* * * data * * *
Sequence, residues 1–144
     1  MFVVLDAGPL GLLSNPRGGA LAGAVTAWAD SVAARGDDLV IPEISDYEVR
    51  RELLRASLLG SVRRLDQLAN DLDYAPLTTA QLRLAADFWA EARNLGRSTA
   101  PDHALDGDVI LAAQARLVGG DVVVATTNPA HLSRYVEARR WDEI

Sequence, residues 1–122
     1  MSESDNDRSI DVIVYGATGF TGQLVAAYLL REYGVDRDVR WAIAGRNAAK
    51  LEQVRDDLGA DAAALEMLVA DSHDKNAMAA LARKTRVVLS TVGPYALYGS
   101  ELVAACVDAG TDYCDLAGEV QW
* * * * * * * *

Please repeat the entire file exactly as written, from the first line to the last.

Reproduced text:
Sequence, residues 1–144
     1  MFVVLDAGPL GLLSNPRGGA LAGAVTAWAD SVAARGDDLV IPEISDYEVR
    51  RELLRASLLG SVRRLDQLAN DLDYAPLTTA QLRLAADFWA EARNLGRSTA
   101  PDHALDGDVI LAAQARLVGG DVVVATTNPA HLSRYVEARR WDEI

Sequence, residues 1–122
     1  MSESDNDRSI DVIVYGATGF TGQLVAAYLL REYGVDRDVR WAIAGRNAAK
    51  LEQVRDDLGA DAAALEMLVA DSHDKNAMAA LARKTRVVLS TVGPYALYGS
   101  ELVAACVDAG TDYCDLAGEV QW